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The further fatal Consequences of these unhappy Defects in Nature, where she has damn'd a Man to Wit and Rhyme, has been loss of Inheritance, Parents being aggravated by the obstinate young Beaus, resolving to be Wits in spight of Nature, the wiser Head has been obliged to Confederate with Nature, and with-hold the Birth-right of Brains, which otherwise the young Gentleman might have enjoy'd, to the great support of his Family and Posterity.

But of the States that are order'd and grounded as that of France, it is impossible to become master at such ease: and from hence grew the frequent rebellions of Spain, France, and Greece against the Romans, by reason of the many Principalities those States had: whereof while the memory lasted, the Romans were alwayes doubtfull of the possession of them; but the memory of them being quite wip't out, by the power and continuance of the Empire, at length they enjoy'd it securely; and they also were able afterwards fighting one with another, each of one them to draw after them the greater part of those provinces, according as their authority had gain'd them credit therein: and that because the blood of their ancient Lords was quite spent, they acknowledg'd no other but the Romans.

Look back, then, through the long track of the past years. How has it been with thee? Are there bright beacons of happiness enjoy'd, and of good done by the way? Glimmer gentle rays of what was scatter'd from a holy heart? Have benevolence, and love, and undeviating honesty left tokens on which thy eyes can rest sweetly? Is it well with thee, thus? Answerest thou, it is?

If yet too young, and easily deceived, A worthless prey scarce bends your pliant rod, Him, piteous of his youth and the short space He has enjoy'd the vital light of heaven, Soft disengage, and back into the stream The speckled captive throw. But should you lure From his dark haunt, beneath the tangled roots Of pendant trees, the monarch of the brook, Behoves you then to ply your finest art.

But I must reserve a description of these trips until another letter, as I am sure you will be heartily tired by the time you have got through my griffonage. 'I have enjoy'd all this summer most excellent health, and the climate has completely left off its baneful influence upon me, thank God.

"What's soon obtain'd, we nauseously receive, All hate the victory that's got with leave: We scorn the good our happy isle brings forth, But love whatever is of foreign growth: Not that the fish that distant waters feed, Do those excel that in our climate breed; But these are cheaply taken, those came far, With difficulty got, and cost us dear: Thus the kind she, abroad, we admire above Th' insipid lump, at home of lawful love: Yet once enjoy'd, we strait a new desire, And absent pleasures only do admire."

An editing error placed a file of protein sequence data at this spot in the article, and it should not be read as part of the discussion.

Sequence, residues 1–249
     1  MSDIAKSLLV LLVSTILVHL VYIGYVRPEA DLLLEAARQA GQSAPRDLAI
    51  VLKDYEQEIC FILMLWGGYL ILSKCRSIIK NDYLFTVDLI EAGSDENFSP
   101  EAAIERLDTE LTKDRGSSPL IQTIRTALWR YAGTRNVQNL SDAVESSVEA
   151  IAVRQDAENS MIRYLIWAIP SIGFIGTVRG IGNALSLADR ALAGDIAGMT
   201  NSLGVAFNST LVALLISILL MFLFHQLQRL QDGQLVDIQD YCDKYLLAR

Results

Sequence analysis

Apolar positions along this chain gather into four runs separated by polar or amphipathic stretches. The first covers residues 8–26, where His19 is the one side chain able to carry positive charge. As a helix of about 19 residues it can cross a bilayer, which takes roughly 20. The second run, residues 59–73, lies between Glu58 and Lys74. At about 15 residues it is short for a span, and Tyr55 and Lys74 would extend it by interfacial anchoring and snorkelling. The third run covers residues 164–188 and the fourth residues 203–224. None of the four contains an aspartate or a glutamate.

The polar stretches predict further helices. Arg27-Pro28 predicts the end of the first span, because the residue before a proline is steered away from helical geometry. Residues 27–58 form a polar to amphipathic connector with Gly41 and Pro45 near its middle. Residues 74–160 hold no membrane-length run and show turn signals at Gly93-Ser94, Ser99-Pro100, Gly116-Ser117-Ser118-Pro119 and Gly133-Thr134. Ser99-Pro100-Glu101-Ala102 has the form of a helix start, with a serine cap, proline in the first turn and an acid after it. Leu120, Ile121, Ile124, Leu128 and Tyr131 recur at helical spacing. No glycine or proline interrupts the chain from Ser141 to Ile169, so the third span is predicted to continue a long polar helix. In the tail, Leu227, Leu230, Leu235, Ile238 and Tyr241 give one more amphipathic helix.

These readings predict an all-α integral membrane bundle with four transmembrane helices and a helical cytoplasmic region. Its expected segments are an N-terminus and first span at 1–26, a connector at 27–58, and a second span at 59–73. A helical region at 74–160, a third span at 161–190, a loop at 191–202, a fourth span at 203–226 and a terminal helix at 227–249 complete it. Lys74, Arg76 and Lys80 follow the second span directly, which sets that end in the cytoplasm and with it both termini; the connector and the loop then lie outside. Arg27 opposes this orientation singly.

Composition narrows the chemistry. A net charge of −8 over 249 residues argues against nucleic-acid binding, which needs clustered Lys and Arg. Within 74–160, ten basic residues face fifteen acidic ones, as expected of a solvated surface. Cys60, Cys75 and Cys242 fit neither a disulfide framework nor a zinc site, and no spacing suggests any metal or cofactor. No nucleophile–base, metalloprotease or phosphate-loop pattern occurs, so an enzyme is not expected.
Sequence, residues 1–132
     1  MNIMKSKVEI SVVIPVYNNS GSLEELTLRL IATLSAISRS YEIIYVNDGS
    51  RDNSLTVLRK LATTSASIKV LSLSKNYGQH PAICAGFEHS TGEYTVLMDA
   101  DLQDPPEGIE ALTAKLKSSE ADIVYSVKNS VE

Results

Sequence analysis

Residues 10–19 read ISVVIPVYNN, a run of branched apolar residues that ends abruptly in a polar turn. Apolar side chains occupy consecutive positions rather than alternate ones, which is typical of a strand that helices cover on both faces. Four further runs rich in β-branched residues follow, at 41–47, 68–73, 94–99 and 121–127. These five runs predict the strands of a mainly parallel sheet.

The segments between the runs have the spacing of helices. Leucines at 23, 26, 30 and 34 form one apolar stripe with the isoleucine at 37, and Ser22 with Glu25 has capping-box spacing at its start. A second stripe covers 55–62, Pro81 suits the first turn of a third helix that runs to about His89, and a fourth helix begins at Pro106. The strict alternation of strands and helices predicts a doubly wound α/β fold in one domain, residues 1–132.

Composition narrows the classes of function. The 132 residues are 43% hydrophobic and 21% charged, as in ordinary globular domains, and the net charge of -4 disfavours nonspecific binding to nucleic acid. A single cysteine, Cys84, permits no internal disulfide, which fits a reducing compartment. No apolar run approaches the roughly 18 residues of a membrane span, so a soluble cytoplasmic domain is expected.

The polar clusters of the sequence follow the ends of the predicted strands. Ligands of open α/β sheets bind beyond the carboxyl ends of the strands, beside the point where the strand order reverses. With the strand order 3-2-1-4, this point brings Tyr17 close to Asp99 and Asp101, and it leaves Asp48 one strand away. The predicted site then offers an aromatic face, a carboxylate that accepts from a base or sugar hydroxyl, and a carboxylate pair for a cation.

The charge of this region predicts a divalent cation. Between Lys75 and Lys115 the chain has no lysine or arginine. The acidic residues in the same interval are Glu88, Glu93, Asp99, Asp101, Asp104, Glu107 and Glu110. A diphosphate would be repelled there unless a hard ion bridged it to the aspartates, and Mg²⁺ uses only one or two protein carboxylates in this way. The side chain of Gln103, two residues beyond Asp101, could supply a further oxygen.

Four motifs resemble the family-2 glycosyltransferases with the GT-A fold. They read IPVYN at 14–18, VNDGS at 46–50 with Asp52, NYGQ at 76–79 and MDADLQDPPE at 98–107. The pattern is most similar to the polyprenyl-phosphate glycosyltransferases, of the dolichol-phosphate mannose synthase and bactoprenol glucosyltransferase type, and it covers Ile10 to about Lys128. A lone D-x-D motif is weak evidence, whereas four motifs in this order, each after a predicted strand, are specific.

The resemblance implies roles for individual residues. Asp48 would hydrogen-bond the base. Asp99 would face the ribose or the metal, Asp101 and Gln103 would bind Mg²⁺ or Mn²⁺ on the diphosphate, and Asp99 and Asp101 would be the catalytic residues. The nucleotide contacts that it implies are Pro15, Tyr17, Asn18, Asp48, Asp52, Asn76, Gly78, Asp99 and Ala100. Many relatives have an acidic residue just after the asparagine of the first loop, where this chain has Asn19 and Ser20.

For if those pre-successes were all if they ended at that if nothing more were yielded than so far appears a gross materialistic prosperity only America, tried by subtlest tests, were a failure has not advanced the standard of humanity a bit further than other nations. Or, in plain terms, has but inherited and enjoy'd the results of ordinary claims and preceding ages.

Jupiter in his seraglio above, not finding one that can please his appetite, sins upon earth, yet injures nobody: the nymph wou'd have stifl'd her passion for Hylas, had she believ'd the lusty Hercules wou'd have been his rival: Apollo turns Hyacinth into a flower: and every image enjoy'd its wishes without a rival: but I have caress'd, as the dearest friend, the greatest villain.

Hierenimus Cardanus writes of a Maid which was got with Child by a Devil, she thinking it had been a fair young Man who had Enjoy'd her; and some Witches fancy they have been at the Sabbath, and Caress'd by the Devil, whose Privy Parts were full of Bristles, Scaly, and the Seed cold as Ice; but this has proceeded only from a distracted Brain: Besides we learn from Scripture that Devils being pure Spirits, are quite different Substances from those of Men.

Upon which he enter'd the vault, and seeing a very beautiful woman, amaz'd at first, he fancy'd 'twas a spirit, but viewing the dead body, and considering her tears and torn face, he soon guest, as it was, that the lady cou'd not bear the loss of her husband: he brings his supper with him into the vault, and began to perswade the mournful lady not to continue her unnecessary grief, nor with vain complaints consume her health: That death was common to all men; and many other things he told her, that use to restore afflicted persons to that calmness they before enjoy'd: But she mov'd anew at the comfort a stranger offer'd, redoubl'd her grief, and tearing her hair, cast it on the body that lay before her.